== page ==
Whether you are a tenant looking to move into rented accommodation or a landlord looking to protect your investment, a property inventory is a vital document to have. While most landlords will be aware of its importance, many tenants have a laissez-faire attitude towards them. This is a mistake, and one that can prove costly later on.
What is a property inventory?
Before we get into the reasons why property inventories are important for both tenants and landlords alike, it’s probably a good idea to explain exactly what they are. Property inventories are simply documents that report on the state of the property and its contents at the time of assessment. These assessments are carried out twice in an identical fashion: once at the beginning of the tenancy (the inventory), and again at the end (the checkout).
The most important part of the initial inventory assessment is the Schedule of Condition. This details the state of every part of the property, such as the décor, floors (for example, wooden floors should they be present), walls and ceilings. Many landlords are under the false impression that inventories are solely for fixtures and fittings, but the Schedule of Condition offers protection against any structural damage that may occur during the tenancy, too. Therefore, it is always prudent to have an inventory taken, even if your property is actually unfurnished.
Having the two documents to hand allows both parties to see exactly how the property has changed across the duration of the tenancy. The checkout report will detail any areas of attention that need highlighting, and these will usually be segmented into ‘landlord’ and ‘tenant’ sections to determine who is responsible for what.
Having these documents lessens the likelihood of disputes and make the process of exiting a tenancy simple and straightforward. However, it is vital that both parties thoroughly check the reports to ensure that nothing has been missed. This is especially important for the tenant at the inventory stage, as any existing damage or defects picked up at checkout may then become their responsibility.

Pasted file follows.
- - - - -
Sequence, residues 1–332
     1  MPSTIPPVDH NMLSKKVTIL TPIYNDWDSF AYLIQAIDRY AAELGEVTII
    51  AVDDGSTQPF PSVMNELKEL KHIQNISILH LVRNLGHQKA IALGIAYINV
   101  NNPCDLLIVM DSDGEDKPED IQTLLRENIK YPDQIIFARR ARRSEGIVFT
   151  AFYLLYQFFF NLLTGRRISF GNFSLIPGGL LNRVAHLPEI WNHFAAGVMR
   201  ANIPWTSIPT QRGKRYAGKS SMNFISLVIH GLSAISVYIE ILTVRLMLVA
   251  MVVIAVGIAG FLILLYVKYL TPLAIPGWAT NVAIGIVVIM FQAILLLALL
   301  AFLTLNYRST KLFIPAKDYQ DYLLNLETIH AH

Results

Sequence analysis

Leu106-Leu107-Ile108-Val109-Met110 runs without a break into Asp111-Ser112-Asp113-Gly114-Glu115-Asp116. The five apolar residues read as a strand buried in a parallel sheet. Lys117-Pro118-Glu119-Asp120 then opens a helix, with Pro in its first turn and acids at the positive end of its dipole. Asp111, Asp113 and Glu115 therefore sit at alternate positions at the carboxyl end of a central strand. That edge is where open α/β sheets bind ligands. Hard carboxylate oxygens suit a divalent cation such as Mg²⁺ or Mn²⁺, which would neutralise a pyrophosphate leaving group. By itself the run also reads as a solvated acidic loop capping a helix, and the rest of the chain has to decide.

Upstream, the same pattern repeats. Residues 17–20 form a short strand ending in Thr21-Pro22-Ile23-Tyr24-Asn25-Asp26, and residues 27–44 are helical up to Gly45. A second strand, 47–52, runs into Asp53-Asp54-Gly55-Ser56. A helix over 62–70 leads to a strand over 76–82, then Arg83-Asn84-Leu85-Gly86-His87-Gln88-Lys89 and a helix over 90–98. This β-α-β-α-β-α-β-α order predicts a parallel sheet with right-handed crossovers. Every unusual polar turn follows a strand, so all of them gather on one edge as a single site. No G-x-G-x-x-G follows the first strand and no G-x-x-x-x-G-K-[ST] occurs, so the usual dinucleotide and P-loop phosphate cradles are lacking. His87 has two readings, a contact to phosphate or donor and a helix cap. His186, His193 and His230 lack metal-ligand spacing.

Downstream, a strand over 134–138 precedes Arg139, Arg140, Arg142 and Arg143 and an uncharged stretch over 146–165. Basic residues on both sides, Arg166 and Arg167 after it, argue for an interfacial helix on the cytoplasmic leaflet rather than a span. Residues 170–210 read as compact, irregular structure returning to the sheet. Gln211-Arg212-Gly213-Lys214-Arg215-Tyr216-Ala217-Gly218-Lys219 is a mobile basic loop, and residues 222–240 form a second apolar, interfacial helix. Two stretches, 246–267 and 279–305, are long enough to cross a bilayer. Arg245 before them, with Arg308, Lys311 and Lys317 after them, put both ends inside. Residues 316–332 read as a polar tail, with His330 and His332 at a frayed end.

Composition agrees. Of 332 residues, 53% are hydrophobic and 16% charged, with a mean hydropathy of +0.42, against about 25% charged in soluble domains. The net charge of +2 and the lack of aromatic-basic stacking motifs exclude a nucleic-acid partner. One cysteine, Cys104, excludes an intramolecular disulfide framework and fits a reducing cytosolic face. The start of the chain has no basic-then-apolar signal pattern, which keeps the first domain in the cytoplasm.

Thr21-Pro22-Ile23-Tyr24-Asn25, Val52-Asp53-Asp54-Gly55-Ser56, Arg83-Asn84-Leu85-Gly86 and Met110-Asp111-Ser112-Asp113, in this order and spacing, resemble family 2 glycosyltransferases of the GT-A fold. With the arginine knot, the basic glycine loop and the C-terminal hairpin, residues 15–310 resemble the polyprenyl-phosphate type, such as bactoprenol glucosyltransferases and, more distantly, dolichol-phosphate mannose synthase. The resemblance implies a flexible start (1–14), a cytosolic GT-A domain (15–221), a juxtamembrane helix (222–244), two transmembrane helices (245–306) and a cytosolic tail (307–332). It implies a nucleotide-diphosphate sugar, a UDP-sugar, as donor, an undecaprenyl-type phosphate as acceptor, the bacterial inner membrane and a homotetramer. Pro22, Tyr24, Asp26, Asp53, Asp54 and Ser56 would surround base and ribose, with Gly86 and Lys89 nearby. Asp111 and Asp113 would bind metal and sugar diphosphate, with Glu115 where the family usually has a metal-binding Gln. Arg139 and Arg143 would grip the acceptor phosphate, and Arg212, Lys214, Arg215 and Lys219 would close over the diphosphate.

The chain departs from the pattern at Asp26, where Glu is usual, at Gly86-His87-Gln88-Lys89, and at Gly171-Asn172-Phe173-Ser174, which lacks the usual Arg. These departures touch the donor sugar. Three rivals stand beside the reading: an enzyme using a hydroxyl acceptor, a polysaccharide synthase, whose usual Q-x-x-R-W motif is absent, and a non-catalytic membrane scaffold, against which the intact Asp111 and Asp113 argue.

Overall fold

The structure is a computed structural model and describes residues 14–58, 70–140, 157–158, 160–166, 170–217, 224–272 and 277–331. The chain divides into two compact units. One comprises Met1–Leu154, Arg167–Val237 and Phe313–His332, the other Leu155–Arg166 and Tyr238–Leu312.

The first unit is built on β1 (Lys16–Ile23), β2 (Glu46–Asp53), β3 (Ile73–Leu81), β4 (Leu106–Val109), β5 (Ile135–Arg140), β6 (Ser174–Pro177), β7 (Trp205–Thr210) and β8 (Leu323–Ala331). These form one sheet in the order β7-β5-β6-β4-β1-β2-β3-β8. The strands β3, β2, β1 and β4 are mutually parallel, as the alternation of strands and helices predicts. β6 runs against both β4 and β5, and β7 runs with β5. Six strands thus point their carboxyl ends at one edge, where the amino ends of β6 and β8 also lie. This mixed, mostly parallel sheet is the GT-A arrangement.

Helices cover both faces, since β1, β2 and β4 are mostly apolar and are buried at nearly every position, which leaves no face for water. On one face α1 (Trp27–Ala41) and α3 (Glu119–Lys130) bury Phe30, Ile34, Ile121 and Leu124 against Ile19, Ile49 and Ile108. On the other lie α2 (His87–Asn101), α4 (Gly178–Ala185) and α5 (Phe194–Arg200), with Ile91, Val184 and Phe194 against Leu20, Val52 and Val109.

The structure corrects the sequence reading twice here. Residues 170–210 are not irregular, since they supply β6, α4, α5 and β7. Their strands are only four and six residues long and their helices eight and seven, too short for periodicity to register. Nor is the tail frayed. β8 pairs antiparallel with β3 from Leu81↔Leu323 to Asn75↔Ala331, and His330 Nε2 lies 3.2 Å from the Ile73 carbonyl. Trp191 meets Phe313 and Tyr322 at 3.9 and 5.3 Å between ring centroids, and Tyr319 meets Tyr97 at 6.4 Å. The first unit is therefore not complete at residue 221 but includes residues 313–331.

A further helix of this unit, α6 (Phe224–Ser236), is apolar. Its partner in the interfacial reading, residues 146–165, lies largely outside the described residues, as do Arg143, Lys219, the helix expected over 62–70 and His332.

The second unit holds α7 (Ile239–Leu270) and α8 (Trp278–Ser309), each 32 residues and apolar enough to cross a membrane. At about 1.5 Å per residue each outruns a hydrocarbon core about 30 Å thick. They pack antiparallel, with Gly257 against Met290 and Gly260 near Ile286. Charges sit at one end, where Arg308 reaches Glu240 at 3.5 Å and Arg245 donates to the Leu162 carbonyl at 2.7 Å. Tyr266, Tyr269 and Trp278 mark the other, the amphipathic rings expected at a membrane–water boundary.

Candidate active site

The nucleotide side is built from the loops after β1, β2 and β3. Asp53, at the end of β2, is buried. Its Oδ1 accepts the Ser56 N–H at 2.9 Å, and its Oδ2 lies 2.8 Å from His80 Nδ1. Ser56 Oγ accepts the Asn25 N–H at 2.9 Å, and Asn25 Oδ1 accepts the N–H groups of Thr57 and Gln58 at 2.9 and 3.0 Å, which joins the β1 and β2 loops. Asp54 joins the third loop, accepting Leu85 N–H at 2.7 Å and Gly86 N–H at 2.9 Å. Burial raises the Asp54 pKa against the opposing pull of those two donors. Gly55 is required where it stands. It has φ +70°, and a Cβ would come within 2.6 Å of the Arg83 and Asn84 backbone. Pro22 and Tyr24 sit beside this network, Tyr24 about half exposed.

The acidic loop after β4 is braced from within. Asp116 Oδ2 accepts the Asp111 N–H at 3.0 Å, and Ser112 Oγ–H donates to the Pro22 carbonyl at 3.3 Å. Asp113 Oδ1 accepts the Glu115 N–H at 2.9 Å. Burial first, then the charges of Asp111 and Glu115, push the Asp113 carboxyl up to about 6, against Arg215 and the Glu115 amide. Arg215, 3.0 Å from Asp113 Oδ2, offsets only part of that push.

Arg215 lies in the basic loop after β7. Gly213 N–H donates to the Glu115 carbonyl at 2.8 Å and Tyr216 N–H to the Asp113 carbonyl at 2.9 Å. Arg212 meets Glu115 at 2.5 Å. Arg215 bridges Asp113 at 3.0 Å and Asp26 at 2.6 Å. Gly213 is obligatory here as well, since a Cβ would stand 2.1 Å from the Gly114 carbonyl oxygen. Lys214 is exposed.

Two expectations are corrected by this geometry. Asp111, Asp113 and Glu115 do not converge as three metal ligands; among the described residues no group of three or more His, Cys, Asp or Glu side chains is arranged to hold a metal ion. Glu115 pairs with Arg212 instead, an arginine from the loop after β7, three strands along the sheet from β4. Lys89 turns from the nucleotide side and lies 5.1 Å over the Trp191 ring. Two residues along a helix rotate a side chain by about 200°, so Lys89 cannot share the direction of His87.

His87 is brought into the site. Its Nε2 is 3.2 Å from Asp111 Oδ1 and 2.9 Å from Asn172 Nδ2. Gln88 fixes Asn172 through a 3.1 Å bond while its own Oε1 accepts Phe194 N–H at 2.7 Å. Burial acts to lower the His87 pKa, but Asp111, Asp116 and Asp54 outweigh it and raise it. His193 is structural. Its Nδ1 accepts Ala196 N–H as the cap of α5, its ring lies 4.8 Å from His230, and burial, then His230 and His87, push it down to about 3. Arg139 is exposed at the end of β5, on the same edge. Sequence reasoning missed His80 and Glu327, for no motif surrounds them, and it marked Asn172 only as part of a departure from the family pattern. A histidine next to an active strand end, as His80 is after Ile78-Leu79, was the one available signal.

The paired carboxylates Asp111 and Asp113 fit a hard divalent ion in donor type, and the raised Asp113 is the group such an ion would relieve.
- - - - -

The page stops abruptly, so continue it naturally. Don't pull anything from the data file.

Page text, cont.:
As a tenant, you have the right to be present during the checks. This can help ensure that the person conducting the check doesn’t miss anything, but it’s still a good idea to give the document a thorough read through once it has been compiled. Spotting errors and omissions as soon as possible will allow changes to be made to the report without fear of blame being passed to you.
Who conducts the inventory?
Inventories can be compiled by either the landlord themselves, a letting agent, or an independent inventory clerk. Independent inventory companies should be a member of a professional association to ensure you are dealing with a reputable firm.
Inventory reports are usually compiled on move-in day and both parties are required to sign the document in order to confirm that they are in agreement with its contents. The amount of detail within the report will largely depend upon the value of the property’s contents and may include photographic evidence as well as written documentation.
Landlords should be aware that conducting their own inventory could cause issues should a dispute arise. Protection schemes such as the TDP (Tenancy Deposit Scheme) will always favour inventories conducted by professionals over those carried out by the owner of the property.
Reasons why both landlord and tenants need a property inventory
1. Conducting an inventory will give both parties an accurate assessment of the current state of the property.
2. The property inventory will highlight any areas that need addressing and stipulate exactly who is responsible for their repair.
3. Having the document to hand will assist tenants on exactly how the property should be returned to the landlord and provide a guideline as to how the home should be maintained.
4. Inventories easily distinguish between damage and fair wear and tear.
5. Property inventories help protect both the landlord’s investment and the tenant’s deposit.
6. Conducting a thorough inventory lessens the chances of disputes arising once the tenancy has run its course.
7. Should a dispute arise, however, having an inventory in place will help ensure the right result is reached.